The Weinstein Company unveiled its slate for the year at the Cannes Film Festival on Friday, giving a glimpse of their game plan for Oscar season, which includes an intriguing documentary-style feature about the elusive writer J.D. Salinger, a biopic on Nelson Mandela and a southern vehicle for A-list Actresses, "August: Osage County."
The presentation included a small parade of stars, including Nicole Kidman, Rooney Mara, Michael B. Jordan and a host of other actors and directors joined by co-chairman Harvey Weinstein at the event. Weinstein joked that he would have invited George Clooney, a coproducer on "August," but he was still sore over losing the Best Picture Oscar to him this year with "Argo."
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That doesn't mean TWC will be absent at the Oscars this year (they never are).
The most unusual film of a half-dozen unveiled was certainly "Salinger," a docu-style movie about the reclusive author of "Catcher in the Rye," who stopped publishing in the wake of that cult novel in 1965 and disappeared from public view. The stylish trailer included glimpses of interviews not only with former Salinger companion Joyce Maynard, but literary luminaries from Tom Wolfe to E.L. Doctorow to playwright David Guare.
The most obvious Oscar bait – at least in the acting category – was a first look at "August: Osage County," based on the play, starring Meryl Streep, Julia Roberts, Chris Cooper, Ewan McGregor and Juliette Lewis. It also includes Abigail Breslin and my how Little Miss Sunshine has grown!
The film delves into the lives of the strong-willed women of the Weston family, starting with Streep, in a frowsy black wig (Weinstein told TheWrap this week that Streep went wandering through Wal-Marts late at night to prepare for the role), Roberts as her daughter returning during a family crisis and Lewis as her sister.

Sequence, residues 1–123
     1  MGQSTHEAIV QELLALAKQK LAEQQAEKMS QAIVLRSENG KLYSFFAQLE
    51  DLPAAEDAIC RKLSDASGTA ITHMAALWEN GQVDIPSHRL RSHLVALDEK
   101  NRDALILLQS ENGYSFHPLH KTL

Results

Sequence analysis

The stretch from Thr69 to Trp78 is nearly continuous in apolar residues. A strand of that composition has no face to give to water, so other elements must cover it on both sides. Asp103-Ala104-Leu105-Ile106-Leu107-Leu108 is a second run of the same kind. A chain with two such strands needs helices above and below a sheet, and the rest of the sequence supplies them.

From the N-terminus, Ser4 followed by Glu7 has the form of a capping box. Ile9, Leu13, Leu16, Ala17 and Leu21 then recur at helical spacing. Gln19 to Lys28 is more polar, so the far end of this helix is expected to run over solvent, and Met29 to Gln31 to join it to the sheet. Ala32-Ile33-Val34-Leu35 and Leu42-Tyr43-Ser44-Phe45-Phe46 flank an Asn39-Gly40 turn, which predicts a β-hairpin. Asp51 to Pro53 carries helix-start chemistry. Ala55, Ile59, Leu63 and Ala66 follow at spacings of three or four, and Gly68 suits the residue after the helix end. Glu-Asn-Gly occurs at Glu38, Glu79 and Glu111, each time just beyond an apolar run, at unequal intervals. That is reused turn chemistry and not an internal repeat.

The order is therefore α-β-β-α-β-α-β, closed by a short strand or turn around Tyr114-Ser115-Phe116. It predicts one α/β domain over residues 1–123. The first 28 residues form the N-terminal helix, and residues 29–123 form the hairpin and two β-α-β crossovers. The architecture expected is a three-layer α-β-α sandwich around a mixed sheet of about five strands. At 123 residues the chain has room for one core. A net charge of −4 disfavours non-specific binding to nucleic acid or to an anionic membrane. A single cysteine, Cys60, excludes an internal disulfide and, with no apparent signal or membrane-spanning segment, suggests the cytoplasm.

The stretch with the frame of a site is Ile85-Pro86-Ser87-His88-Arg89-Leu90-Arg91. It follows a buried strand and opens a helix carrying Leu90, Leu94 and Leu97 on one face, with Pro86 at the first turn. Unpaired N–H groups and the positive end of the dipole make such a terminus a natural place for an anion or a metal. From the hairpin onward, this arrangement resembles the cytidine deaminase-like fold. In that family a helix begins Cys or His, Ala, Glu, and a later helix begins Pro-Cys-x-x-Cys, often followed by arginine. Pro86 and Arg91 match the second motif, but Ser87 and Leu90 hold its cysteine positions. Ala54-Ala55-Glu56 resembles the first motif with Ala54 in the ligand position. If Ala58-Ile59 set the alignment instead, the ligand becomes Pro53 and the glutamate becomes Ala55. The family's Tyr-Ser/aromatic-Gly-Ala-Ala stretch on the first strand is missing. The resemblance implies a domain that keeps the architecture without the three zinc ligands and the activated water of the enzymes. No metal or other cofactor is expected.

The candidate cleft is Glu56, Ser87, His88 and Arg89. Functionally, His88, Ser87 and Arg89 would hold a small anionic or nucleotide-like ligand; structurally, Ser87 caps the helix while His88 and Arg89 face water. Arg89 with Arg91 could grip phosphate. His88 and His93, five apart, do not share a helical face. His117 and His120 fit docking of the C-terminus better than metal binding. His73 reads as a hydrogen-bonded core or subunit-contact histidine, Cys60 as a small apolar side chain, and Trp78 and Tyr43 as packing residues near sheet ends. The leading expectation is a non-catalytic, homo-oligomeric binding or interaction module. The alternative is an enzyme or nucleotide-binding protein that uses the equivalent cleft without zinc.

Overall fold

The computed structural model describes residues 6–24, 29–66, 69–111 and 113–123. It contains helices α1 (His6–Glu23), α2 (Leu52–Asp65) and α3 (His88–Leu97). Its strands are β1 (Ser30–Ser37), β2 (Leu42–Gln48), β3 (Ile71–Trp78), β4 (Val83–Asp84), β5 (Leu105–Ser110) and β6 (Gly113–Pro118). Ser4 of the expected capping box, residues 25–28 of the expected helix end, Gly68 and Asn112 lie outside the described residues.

Looks like Streep gets in lots of zingers and embodies the tagline for the movie: “Misery loves family.”
The indie distributor will also be releasing "The Butler," about an African-American butler working in the White House during the Kennedy administration. The film features a star-studded cast including Forest Whitaker in the title role, Oprah Winfrey, Jane Fonda, Terrence Howard and Cuba Gooding, Jr.
But the bigger Oscar push is likely to be around "Mandela: Long Walk to Freedom," starring Idris Elba as the inspiring South African leader and Naomie Harris as his wife Winnie. Weinstein said it has taken 16 years to get the film made. The footage shown was somewhat meager, but insiders say the studio is putting its weight behind the film as a serious contender.
At last year's Cannes, Weinstein unveiled footage from Oscar winners "Silver Linings Playbook" and "Django Unchained," among others.
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TWC had several other movies on the launch pad, including "Fruitvale Station," playing in Cannes in the Un Certain Regard section, along with Ryan Gosling's "Only God Forgives," which is in the main competition and featured a scene-chewing performance by Kristin Scott Thomas as a mafia dominatrix. Kidman will play Grace Kelly in "Grace"; "Immigrant" will star Marion Cotillard as a Polish immigrant to France in the 19th century who is turned to prostitution; "Aint Them Bodies Saints," the Sundance version of Bonnie and Clyde starring Rooney Mara and Casey Affleck as lover-outlaws; and a number of other titles.
Weinstein, wearing a tux, said he was going back to the office after the presentation to keep selling his movies to international partners. So goes Cannes.